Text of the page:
MIAMI—With all the talk of replacement cost levels on insurance policies climbing to an all-time high, how should commercial real estate owners think about coverage? That depends, in part, on the age and location of your asset.

Replacement cost—pure construction cost to rebuild a structure from a clean piece of dirt to full usage—includes the hard and soft costs of new construction. Michael Shadeed, a director of Insurance Services at Franklin Street, tells the older an asset is, the more owners have to look at to make insurance requirements are correct.

“Lenders are going to ask for Law and Ordinance coverage, which also drives up the price of the insurance premium,” he says. “Increased zoning costs, architectural costs, and demolition of a part of a building that isn’t up to code all fall under Law and Ordinance coverage.”

Shadeed sees this trend is happening across the country, but some states are affect more because of increased costs of construction. He points to another example: Insuring a property in Manhattan would be higher than the same property in Atlanta due to construction costs, regulations and the basis of replacement.

Of course, any larger more populated states are likely more expensive. He say lenders who are savvy enough to do deals in multiple markets use Marshall & Swift, a tool that takes the typical replacement cost of an asset and adds in increased cost per each city or state.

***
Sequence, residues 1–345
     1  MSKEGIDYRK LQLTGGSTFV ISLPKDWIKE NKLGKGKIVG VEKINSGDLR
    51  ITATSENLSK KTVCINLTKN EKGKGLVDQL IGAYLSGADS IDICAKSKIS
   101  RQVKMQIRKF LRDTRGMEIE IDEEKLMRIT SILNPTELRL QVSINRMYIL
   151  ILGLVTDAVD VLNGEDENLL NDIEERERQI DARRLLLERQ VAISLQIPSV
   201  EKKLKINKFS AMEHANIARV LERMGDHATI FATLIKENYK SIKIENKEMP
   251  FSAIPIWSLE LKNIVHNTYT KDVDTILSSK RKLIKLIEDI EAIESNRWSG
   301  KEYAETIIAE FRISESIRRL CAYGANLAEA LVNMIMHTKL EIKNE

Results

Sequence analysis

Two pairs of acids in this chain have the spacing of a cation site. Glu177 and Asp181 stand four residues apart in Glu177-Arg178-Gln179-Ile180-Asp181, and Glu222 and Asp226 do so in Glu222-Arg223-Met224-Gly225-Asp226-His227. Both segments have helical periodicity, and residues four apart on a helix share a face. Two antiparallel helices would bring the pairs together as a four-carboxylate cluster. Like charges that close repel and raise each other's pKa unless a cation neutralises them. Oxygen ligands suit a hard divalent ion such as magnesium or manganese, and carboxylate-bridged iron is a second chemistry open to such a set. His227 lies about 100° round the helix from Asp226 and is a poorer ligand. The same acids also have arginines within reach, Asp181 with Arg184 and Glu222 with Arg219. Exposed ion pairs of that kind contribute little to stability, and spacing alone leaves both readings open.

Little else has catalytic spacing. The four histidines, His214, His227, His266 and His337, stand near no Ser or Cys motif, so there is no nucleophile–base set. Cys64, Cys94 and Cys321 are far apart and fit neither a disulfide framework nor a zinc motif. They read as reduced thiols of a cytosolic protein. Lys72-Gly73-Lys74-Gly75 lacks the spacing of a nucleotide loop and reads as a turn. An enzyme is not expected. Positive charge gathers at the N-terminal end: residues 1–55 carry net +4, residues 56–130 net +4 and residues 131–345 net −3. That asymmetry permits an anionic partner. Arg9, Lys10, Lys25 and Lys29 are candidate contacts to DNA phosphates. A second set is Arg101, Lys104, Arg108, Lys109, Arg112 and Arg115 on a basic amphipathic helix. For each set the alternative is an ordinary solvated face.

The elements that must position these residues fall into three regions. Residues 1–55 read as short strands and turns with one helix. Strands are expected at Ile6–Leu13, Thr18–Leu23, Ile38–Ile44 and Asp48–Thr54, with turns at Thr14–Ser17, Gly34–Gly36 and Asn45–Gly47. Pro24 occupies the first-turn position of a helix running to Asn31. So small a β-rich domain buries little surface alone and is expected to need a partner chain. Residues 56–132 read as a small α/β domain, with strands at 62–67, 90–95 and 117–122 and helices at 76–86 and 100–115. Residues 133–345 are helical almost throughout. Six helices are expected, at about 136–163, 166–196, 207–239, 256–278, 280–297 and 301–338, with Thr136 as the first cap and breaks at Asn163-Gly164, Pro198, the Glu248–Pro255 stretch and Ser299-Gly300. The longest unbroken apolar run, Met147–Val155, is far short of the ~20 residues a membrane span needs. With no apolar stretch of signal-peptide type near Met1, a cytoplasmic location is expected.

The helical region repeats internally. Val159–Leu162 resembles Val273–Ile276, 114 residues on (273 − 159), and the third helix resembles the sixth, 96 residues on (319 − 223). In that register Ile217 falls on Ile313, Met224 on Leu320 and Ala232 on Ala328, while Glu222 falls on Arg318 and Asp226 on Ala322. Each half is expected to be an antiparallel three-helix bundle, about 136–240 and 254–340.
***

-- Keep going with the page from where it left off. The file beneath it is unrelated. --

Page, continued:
“Rates in certain states are also impacted by natural disaster premiums. When it comes to earthquakes, wind and hail, an increasing percentage of the country is adding on these premiums,” Shadeed says. “If you are buying a property in a part of the country that you are unfamiliar with and you don’t know which natural disasters impact that region, a lender can research and let you know which premiums are required.

“Moving forward I don’t see values declining at all. As more lenders and equity sources begin to hire insurance analysts to review deals as they close, a higher percentage of loans will have values based on the higher end of market replacement cost.”